212 North Third Street, Hariisburg, Pa The Evangelical Press 1922 dec 15 1922 v The Pennsylvania ‘ ffiok AL Journal Owned, Controlled and Published by the Medical Society of the State of Pennsylvania Issued monthly under the supervision of the Publication Committee Volume XXV Number 1 212 North Third St., Harrisburg, Pa., October, 1921 Subscription : .00 Per Year PRESIDENT’S ADDRESS FRANK G. Records of the organization of this Society show that at its first meeting on April II, 1848, a resolution was offered having for its object an appeal to the Legislature for the passage of “a law to regulate and guard the practice of medicine in the State of Pennsyl- vania” as a protection “of the health and the lives of the citizens of this Commonwealth” against “disqualified persons who are permitted tc impose themselves upon the public in under- taking wdiat they do not understand, and pre- tending to what they do not possess, to the great injury of human health and danger to human life,” and the profession has persistently stood for all that represented the greatest protection to mankind ever since.
The problems confronting the medical pro- fession to-day differ but little from those that have presented themselves since the practice of medicine was definitely established in this Com- monwealth.
\ hile we were compelled to disagree with him in many of his rulings in his former capacity, and while we still maintain that many of these were hardships and impracticable of application under local conditions and in many cases in- volved the imposition of a financial burden out of proportion to the appropriation received from the State, we at the same time must agree that these rulings had behind them the unselfish pur- pose of raising the standard of medical j)ractice in Pennsylvania and the up-building of the hos- ])ital system of the State to the point of having it serve as a monument to this Commonwealth and as an object of pride to those associated with it.
New legislation is invariably viewed with suspicion and this new branch of the State gov- ernment is no exception and the method of put- ting it into effect will be the determining factor in its reception by the profession of the State as well as by those associated with institutions receiving State aid who come under its rulings.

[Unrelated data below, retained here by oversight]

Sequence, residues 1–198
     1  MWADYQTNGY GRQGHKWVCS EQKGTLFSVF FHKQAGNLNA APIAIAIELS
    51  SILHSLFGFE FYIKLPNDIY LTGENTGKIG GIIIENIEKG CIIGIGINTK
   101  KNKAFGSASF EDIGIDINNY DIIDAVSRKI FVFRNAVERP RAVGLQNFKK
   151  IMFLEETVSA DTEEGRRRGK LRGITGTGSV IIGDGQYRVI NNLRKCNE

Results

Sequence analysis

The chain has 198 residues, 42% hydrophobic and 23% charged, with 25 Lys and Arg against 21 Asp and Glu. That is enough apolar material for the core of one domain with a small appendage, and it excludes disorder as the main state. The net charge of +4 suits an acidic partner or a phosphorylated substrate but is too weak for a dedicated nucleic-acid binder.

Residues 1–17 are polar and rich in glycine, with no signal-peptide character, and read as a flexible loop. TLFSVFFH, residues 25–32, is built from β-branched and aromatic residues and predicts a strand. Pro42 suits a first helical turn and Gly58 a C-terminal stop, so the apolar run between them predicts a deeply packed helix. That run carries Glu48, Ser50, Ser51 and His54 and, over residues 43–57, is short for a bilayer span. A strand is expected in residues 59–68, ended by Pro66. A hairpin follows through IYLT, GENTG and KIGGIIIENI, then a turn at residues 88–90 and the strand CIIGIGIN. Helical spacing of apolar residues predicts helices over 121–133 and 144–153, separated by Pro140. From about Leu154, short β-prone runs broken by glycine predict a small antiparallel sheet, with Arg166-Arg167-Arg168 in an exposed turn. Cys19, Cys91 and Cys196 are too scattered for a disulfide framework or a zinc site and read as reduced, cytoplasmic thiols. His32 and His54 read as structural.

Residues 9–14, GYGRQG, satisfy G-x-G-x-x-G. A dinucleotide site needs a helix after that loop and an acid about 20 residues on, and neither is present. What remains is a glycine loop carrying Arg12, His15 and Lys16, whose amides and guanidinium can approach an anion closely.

Hav- ing in constant view all that has been accom- plished in the past by this Society and its of- ficers, I am all the more appreciative of the high honor you have conferred upon me and the County Society of which I am a member, and my earnest hope is that, in emulating those who have preceded me and with your help, I may emerge from my term of office with a showing of equal service to the profession of this State.
Not in many years has a law been enacted against such active opposition from so varied and widely separated sources, in and out of legislative circles.
Boston Medical Lib baby 8 THE Fenway Digitized by the Internet Archive in 2015 https://archive.org/details/pennsylvaniamedi2519medi 0 IHE Pennsylvania Medical Journal REPRESENTING THE 'J'RANSACn ONS OF THE MEDICAL SOCIE/EY OF THE STATE OF PENNSYLVANIA AT ITS ANNUAL SESSION HELD AT PHILADELPHIA— OCTOBER, 1921 VOLUME LI (VOLUME XXV OF THE JOURNAL) Edited for the Society under the supervision of the Publication Committee of the Board of Trustees. This interest was never more apparent than during the last session of the Legislature of this State when the persistent activity on the part of your Committee on Health Legislation, with the support of those members of the Assembly, who were at the same lime members of the pro- fession, as well as that of a few other legisla- tors who displayed an unusual interest in the conservation of the health of the citizenry of this Commonwealth and placed it above politi- cal prestige, prevented the passage of a measure, which had for its ultimate object a short cut to the practice of medicine with the elimination of many of the educational requirements now prescribed by the laws of the State.